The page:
Sunday, April 23, 2017

On Reading - Discovering French Recipes on Pickles

I took a bit of a break from litigation, and delved into reading, and reading a lot. Mark Twain once said, “The man who does not read has no advantage over the man who cannot read.” In other words, if you're not reading, you're the same as someone who is illiterate.

In a week, I read 8 books on bathing and the history of bathing. I only had two insights from it all. One, the Turks have a goat hair mitt they use for scrubbing the skin. I want one. Two, the 16th Century Castille Soap, made out of olive oil, was once the world's prized soap. I want to learn how to make that.

I got about 10 more books on nutrition. I hit the jackpot with one of them, because the author took the time to translate old French pickle recipes. I was very impressed by the secret knowledge of cooking that otherwise would've been lost. (I'll write more on the subject).

All of this has inspired me to study Scandinavian cooking once again. Not exactly sure why. I just have a hunch that another lightbulb will turn on upstairs.

Finally, I've been running a lot. I finally burned off 9 pounds (or 4 kilos) or 6% (at least for me) of body fat. I have to tell you; it wasn't easy, pleasant, or that fun.

One researcher says a pound is the equivalent to walking 35 miles without food. I don't agree it's that much, but you can see how much work it was. (But, even then, I can' really complain: All the running was like being in one meditative Zen state; I wonder if it's done anything for my mind.)

My Christmas holiday in Europe maybe was a little too indulgent, and because of it, I put on 4 pounds. I also put on 4 pounds on my trip before that to Mexico. 8 pounds of fat, extra. No good.

I'm so happy (I really am!) to be back to my regular body fat, of what's estimated to be 12%. Gaining fat is a real psychological downer.

My European indulging stressed one more important lesson I hope never to forget: Sugar makes you fat. Don't underestimate the harm from sugar and simple starches. I'm telling you. I really am.

Well, I'm really trying this time around to get into the single digits of body fat. So, I'll let everyone know how it goes. (Every time I try, it doesn't seem to work. Somehow the body resists and I get back to 12%.) But we'll see this time.

Also, my friend "FX" has come from New Zealand to visit me. So, we'll have to see where we're going to go and what we're going to see.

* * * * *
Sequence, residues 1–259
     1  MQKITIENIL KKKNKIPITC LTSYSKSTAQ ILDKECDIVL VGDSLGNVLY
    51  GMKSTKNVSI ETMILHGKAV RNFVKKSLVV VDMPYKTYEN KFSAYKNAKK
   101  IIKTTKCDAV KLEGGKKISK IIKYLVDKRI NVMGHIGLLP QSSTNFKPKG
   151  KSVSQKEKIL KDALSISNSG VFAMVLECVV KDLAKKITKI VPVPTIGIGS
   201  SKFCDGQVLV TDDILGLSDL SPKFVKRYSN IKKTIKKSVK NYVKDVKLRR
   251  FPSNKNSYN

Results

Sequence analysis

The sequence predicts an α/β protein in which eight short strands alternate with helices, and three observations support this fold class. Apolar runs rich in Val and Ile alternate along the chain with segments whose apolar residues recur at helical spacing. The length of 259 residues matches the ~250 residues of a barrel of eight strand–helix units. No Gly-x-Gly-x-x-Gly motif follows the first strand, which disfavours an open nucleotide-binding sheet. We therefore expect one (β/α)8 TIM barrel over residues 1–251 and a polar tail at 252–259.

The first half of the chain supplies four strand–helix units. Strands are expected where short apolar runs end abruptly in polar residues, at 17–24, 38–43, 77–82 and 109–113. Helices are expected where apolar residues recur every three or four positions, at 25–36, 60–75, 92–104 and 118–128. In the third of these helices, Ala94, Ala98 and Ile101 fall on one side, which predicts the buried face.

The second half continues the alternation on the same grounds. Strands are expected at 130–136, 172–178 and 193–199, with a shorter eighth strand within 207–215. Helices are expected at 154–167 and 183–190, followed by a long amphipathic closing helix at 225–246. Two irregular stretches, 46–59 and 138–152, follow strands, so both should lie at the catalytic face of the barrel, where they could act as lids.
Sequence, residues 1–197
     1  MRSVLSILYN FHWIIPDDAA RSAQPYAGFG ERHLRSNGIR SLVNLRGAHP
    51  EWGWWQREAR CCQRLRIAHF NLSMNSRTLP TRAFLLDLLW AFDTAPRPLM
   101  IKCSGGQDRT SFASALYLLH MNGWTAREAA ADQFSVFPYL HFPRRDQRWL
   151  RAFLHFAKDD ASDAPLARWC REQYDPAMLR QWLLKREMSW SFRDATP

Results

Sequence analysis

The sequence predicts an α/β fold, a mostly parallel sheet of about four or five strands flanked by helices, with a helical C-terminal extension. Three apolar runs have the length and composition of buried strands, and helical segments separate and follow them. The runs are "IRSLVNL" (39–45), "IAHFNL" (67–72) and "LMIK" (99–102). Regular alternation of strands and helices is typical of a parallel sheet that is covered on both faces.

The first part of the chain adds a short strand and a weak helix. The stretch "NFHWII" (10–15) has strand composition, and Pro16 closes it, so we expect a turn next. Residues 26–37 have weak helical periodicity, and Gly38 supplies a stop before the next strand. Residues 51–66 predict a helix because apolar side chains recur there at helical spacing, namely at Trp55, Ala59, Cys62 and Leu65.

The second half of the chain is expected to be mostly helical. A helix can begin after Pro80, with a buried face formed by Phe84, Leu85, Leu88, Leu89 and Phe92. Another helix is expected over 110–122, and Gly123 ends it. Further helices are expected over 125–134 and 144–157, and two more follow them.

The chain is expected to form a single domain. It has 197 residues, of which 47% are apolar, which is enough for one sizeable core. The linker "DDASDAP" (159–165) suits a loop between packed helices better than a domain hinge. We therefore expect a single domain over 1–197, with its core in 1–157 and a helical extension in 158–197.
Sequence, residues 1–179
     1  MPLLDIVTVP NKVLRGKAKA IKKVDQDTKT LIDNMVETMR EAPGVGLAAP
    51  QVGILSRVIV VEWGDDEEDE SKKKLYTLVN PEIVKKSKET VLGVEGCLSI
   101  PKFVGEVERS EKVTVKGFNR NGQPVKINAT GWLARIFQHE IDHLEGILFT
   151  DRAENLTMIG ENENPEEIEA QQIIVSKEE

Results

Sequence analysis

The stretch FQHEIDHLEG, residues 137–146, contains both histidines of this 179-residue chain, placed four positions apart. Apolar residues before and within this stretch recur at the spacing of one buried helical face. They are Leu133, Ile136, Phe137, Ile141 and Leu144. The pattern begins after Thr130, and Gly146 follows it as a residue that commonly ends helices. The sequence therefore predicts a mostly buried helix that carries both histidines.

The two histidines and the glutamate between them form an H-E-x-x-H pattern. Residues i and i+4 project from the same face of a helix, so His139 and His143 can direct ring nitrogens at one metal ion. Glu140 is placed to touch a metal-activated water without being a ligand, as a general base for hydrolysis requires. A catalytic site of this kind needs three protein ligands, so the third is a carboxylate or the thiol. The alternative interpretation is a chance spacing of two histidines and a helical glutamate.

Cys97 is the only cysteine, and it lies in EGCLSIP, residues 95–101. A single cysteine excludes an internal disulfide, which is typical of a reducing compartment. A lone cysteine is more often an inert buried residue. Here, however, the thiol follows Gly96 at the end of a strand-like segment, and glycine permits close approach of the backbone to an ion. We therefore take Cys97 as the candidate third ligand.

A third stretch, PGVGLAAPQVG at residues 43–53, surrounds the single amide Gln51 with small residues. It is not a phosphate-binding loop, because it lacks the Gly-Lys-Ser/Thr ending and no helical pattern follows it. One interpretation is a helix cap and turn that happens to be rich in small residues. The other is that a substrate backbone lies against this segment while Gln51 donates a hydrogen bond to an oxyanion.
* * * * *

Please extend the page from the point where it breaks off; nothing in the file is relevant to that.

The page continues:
Update more on my life later. Hope all is well with everyone.


  1. Mr Paul Cook Esq.,

    Have you heard the news? Public Agencies May Be Subject to Discovery Under the Public Records Act
    Discovery may be allowed when a public agency is sued under the Public Records Act. Under existing law, a records requester may seek a court determination that a public agency has improperly withheld public records. The California Court of Appeal has now ruled that, in certain circumstances, a records requester may also utilize discovery to uncover evidence that could assist the court in determining whether the agency improperly withheld public records.
    In City of Los Angeles v. Superior Court, a records requester sought electronically stored material from the Los Angeles Police Department. When the material was withheld, the requester filed a lawsuit and then served written discovery on the City, including interrogatories, requests for admissions and a demand for inspection and production of documents to obtain information for the basis of the City’s position. Although not at issue in this case, discovery can also include depositions of public employees. The City objected to all of the discovery, stating that it was not allowed in Public Records Act litigation.
    The Court of Appeal ruled that proceedings under the Public Records Act qualify as civil “special proceedings” within the scope of the Civil Discovery Act. The Court of Appeal also ruled that discovery is allowed in Public Records Act litigation if necessary to resolve whether the agency has a duty to disclose and if the discovery request is justified given the need for an expeditious resolution of public records disputes.

    Your friend

  2. Friend,

    That's a great case. Nonetheless, I'm frustrated with our courts currently. Not to be cynical, but if the courts aren't going to enforce their own orders, what's the point of even having such laws?

    There needs to be more media presence in our courts. Really.